Bush Relevance Series 2
1945 – 09 Oct 2002
- Media category
- Materials used
- type C photograph
- 25.3 x 25.5 cm image; 35.5 x 27.8 cm sheet
- Signature & date
Signed l.r. verso original mount, pencil "I Tyssen". Not dated.
- Hallmark Cards Australian Photography Collection Fund 1989
- Not on display
- Accession number
- © Estate of Ingeborg Tyssen/Copyright Agency
- Artist information
Works in the collection
Ingeborg Tyssen arrived in Australia, from her native Holland, in 1957 as a 12 year old and the photographs she made throughout her career convey the sense of loss and dislocation she experienced as a young immigrant. A non-English speaking child, she found that she had to leave behind not only her language, but, as she put it in 1986 ‘the onomatopoeic nursery rhymes which initiated me, as a child, into the dark secrets of the European woods.’ Tyssen’s interest in photography emerged during travel undertaken in the 1970s, and on her return to Sydney she took a class with John F Williams. Influenced by his teaching, Tyssen began exhibiting her own photographs in 1975.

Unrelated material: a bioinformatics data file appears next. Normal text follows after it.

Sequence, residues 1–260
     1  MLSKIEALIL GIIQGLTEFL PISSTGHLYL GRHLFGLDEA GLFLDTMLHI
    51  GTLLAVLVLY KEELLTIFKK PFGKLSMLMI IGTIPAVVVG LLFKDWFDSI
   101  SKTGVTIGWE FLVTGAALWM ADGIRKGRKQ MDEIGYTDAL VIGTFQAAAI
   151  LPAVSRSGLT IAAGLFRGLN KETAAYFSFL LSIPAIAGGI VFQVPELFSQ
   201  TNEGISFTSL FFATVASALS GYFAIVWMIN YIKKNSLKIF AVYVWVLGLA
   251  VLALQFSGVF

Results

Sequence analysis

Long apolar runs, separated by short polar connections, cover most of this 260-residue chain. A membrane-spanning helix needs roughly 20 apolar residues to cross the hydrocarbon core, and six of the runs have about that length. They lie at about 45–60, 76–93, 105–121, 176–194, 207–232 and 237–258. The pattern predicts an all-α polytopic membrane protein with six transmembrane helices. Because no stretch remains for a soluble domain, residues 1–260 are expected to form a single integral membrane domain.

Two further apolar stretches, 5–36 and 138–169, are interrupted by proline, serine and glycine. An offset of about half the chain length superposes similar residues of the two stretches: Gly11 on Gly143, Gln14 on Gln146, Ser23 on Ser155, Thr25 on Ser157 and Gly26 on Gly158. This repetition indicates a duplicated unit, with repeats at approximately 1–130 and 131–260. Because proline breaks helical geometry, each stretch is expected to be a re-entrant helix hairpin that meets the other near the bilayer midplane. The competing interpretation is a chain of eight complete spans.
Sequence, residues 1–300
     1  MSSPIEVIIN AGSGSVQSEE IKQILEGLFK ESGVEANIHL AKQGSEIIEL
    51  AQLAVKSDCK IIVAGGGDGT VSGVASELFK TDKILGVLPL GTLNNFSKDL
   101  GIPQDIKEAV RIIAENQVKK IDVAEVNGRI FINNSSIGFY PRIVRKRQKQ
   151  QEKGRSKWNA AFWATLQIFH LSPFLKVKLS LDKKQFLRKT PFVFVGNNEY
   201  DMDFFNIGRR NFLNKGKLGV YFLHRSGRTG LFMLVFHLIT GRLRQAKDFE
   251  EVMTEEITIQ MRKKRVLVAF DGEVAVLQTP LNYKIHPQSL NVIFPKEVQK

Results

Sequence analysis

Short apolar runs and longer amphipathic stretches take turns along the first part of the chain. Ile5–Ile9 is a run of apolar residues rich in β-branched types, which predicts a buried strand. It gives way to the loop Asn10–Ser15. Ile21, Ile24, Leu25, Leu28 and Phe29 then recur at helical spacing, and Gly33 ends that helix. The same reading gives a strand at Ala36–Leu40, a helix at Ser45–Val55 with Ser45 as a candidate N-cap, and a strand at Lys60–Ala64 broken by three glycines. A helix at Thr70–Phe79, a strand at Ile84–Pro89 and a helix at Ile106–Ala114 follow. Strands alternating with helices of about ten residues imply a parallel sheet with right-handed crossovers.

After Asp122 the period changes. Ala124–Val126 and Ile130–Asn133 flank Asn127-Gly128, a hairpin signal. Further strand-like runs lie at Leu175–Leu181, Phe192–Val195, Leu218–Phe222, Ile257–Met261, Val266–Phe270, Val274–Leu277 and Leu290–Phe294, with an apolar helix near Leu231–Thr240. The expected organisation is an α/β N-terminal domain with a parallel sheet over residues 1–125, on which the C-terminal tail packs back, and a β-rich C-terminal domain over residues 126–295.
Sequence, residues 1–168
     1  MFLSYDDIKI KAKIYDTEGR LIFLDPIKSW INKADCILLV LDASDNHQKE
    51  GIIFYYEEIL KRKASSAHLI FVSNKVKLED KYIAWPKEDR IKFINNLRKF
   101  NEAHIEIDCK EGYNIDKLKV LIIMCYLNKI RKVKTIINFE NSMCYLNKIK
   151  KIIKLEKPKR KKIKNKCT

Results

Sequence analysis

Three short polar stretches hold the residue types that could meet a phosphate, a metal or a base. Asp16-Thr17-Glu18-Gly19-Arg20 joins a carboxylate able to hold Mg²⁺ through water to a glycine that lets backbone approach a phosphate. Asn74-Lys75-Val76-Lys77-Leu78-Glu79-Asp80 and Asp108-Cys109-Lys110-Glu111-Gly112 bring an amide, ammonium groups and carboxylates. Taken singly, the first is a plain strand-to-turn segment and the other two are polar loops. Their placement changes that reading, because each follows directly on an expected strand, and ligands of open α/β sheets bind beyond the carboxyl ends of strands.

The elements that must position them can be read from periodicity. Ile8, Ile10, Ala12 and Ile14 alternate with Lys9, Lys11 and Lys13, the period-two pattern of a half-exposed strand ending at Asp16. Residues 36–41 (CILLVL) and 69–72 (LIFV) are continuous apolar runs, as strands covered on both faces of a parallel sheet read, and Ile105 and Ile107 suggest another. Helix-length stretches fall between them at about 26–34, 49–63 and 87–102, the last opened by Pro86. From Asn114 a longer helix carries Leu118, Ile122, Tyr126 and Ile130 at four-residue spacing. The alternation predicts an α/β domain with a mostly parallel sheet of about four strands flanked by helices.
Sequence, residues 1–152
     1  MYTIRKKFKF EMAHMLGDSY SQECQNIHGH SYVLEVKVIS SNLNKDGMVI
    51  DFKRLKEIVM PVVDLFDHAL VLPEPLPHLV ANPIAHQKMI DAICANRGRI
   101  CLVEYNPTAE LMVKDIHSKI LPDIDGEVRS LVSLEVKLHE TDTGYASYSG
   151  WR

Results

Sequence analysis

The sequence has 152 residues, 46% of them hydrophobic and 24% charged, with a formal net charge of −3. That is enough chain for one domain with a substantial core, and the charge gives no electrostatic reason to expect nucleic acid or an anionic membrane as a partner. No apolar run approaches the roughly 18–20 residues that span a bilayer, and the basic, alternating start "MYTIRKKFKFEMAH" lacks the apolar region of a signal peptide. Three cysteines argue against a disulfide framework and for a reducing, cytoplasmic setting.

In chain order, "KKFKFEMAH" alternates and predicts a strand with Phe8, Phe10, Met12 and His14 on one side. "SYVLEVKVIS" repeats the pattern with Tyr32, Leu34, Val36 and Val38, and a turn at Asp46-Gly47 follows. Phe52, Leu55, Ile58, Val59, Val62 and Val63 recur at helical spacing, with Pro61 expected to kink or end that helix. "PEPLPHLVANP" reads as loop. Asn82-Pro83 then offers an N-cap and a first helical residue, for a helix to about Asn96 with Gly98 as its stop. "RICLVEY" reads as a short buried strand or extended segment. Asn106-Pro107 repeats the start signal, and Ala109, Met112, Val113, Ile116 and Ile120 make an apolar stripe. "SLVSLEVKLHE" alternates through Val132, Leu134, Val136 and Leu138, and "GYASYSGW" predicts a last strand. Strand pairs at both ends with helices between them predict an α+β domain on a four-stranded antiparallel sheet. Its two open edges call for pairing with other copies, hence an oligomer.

Tyssen’s work is distinguished by its particular intensity. Her earliest works were observational photographs of urban space that explored themes of isolation and dislocation. In particular she was preoccupied with sites of suburban pleasures like fun parks, pools and gardens and produced wry examinations of mundane scenes that implicate the comical and the poetic with the everyday. As critic Blair French noted in 2003, ‘the fascinating “strangeness” of vision in Tyssen's work suggests an authorial consciousness formed, in part, elsewhere and constantly seeking to rearticulate itself within a different world.’ Her oeuvre reflects on the difficulty of communication, while probing the expressive potential of photography as a site for critical engagement.
These tightly framed photographs of dense foliage possess a chromatic vibrancy that is not present in her delicate and spare black and white work. Here Tyssen photographs the landscape while denying the horizon line. All we see is a tangle of leaves and undergrowth and are given very few pictorial cues with which to orient ourselves in the landscape. The shallow space flattens perspective and induces a sense of claustrophobia that enhances the intensity of the composition.
Shown in 3 exhibitions
Contemporary Colour Photographs from the Collection, Art Gallery of New South Wales, Sydney, 06 Jul 1991–22 Sep 1991
Terrains, Art Gallery of New South Wales, Sydney, 27 Apr 1999–25 Jul 1999
Photography & place, Art Gallery of New South Wales, Sydney, 17 Mar 2011–29 May 2011
Referenced in 1 publication
Sandra Byron and Isobel Crombie, Twenty contemporary Australian photographers - from the Hallmark Cards Australian Photographic Collection, Melbourne, 1990, 50 (illus.).
Other works by Ingeborg Tyssen
See all 31 works